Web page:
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Ouija Boards

A decorative flourish separating the title Ouija Boards from the image of a ouija board.
Image of a traditional Ouija board.

Ouija boards have been a popular game in the US for more than 125 years, and while you can find them for sale in just about every toy store across the country, many people believe they're instruments used by demons to possess anyone who dares use one. So what’s the truth? How did the Ouija board go from humble parlor game for the whole family to a demonized tool to contact the dead? And how does it really work? Read on to learn more. You might even gain a new perspective on this paranormal pariah.


Just about everyone has heard of Ouija boards, if not used one, and they all have an opinion of them. Some believe the board itself is inherently evil and that demons use it to speak to, coerce, threaten, and even possess the user. Some people believe the board can be used to speak to the spirits of people who’ve passed on in order to receive guidance from the other side. Others believe it’s nothing more than a way to seek personal insight, having no paranormal implications at all. And there are still many people who view the Ouija board as absolutely nothing more than a harmless game.


"Ouija board" is actually a name brand name owned by Hasbro. Before the name entered the cultural vocabulary, they used to be called spirit boards, speaking boards, or talking boards. These tools were used to help facilitate what’s known as automatic writing, or writing words without consciously writing words. Performing automatic writing with a planchette (the little plastic heart-shaped tool you use with a Ouija board) is thought to date back as far as to 12th century China, and one version or another would survive throughout different cultures for the next 700 years, along with other forms of divination. However, it wasn’t until the late 1800s in America that spirit boards really took off.

Mysticism came into fashion in Victorian-era North America during the American Civil War, and it continued to grow and flourish through World War II—especially during wartime, when people felt helpless and had a sense of losing control of their lives. Many people had also lost loved ones in the wars and were desperate to reconnect with them. It was a fascinating time in American history, and an entire podcast could be built around this one topic alone. But we’re just going to focus on the bit relevant to Ouija boards. One final word on early American mysticism: Victorians had a very different relationship to death than we do today. It wasn’t something to necessarily be afraid of or to shy away from. Victorians, by today’s standards, were quite morbid (taking photos of dead loved ones, making jewelry from the hair of a deceased family member, etc.), and talking to the dead was considered normal and something that anyone could do with the help of a spiritualist using many different methods, including spirit boards.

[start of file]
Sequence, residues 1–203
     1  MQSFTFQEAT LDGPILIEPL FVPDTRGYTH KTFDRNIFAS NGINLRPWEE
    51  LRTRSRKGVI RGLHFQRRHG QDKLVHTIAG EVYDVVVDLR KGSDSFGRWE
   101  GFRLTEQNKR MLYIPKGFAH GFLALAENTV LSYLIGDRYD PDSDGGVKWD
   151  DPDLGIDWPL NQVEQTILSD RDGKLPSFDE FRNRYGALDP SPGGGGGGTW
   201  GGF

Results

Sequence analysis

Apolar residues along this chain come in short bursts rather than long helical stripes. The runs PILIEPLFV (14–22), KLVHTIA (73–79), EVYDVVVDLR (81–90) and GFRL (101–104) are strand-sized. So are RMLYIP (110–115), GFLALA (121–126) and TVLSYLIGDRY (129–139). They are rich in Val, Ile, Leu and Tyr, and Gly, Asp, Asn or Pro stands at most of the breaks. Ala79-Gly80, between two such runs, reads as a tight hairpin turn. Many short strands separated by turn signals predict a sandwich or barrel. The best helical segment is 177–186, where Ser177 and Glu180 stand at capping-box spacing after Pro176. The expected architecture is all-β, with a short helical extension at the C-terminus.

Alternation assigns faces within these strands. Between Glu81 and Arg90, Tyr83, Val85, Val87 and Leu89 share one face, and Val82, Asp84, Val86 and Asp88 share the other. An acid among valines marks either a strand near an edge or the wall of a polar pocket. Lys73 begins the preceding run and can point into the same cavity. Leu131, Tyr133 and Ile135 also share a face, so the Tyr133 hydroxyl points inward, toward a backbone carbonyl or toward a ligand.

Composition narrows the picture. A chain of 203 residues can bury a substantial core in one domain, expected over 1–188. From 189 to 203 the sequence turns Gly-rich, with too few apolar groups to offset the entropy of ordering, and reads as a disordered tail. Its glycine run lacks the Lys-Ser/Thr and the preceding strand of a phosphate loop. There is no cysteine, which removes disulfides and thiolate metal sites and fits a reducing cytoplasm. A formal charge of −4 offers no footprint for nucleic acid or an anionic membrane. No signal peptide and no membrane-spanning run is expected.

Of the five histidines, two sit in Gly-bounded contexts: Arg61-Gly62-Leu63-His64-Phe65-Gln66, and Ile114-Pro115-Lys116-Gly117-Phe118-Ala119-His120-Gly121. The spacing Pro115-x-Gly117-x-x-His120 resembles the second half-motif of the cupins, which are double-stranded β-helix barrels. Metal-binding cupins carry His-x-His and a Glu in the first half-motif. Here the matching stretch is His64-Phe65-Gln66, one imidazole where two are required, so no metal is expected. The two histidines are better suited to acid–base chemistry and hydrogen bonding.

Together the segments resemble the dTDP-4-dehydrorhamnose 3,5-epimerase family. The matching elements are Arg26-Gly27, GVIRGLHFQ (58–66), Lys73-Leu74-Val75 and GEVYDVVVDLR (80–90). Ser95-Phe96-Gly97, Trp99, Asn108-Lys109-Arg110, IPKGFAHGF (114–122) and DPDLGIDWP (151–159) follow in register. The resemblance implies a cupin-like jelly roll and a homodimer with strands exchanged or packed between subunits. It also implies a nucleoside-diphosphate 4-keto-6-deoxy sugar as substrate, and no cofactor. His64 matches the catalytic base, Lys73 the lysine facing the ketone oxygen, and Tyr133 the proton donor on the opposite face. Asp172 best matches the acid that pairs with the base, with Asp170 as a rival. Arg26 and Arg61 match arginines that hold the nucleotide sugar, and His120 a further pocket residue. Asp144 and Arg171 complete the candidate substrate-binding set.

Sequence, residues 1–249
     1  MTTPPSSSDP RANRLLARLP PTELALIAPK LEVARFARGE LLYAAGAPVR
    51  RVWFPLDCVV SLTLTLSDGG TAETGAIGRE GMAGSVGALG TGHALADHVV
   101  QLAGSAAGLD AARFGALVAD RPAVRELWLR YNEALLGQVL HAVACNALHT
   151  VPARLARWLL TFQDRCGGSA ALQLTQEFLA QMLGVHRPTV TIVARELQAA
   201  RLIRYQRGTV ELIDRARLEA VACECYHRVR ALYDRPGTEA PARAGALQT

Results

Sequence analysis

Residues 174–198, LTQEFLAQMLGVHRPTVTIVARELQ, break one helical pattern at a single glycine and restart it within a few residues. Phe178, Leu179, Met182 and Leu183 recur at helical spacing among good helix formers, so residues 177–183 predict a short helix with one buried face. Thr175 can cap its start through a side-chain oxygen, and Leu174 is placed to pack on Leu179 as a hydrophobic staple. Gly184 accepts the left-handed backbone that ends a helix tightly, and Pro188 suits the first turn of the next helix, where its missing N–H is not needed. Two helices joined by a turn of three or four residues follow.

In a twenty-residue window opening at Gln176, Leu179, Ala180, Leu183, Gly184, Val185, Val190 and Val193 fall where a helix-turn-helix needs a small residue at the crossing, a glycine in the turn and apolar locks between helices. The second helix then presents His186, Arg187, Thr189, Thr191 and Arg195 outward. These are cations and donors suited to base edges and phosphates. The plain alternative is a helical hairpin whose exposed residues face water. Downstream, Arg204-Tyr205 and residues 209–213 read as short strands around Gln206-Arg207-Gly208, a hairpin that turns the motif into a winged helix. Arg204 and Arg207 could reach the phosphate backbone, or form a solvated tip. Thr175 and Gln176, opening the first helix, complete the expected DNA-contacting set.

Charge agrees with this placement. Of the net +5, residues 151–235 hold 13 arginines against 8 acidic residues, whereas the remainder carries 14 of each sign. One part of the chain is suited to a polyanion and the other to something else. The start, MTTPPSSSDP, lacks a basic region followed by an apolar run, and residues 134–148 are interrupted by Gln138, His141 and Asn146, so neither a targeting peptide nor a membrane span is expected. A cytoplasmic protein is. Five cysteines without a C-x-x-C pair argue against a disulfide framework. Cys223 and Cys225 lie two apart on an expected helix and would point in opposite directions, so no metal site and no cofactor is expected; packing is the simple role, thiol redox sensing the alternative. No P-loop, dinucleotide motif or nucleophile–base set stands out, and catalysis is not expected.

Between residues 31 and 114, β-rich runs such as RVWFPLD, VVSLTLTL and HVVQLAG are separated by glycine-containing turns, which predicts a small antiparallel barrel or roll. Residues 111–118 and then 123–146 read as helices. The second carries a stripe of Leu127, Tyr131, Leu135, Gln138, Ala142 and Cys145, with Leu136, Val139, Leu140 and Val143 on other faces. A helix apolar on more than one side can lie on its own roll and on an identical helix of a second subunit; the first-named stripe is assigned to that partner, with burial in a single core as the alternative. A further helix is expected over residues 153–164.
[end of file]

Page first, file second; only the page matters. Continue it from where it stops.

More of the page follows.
In 1890, businessman and decidedly not-a-spiritualist Elijah Bond realized that by mass producing, marketing, and selling a ton of spirit boards, he could make a whole lotta money. And that’s exactly what he did. By 1901, however, Bond’s employee, William Fuld, took over production and began producing his own version of the speaking board, which he called “Ouija.” Fuld claimed that the word was an Egyptian word for “good luck,” which is just plain untrue. In fact, it was very fashionable in Victorian-era mysticism to claim things were from Egypt because people thought that meant they were naturally imbued with magical power. Later, Fuld changed his story and said the name came from the combination of the French and German words (respectively) for “yes.” However, what’s more likely is that the word “Ouija” is a misspelling of the name Ouida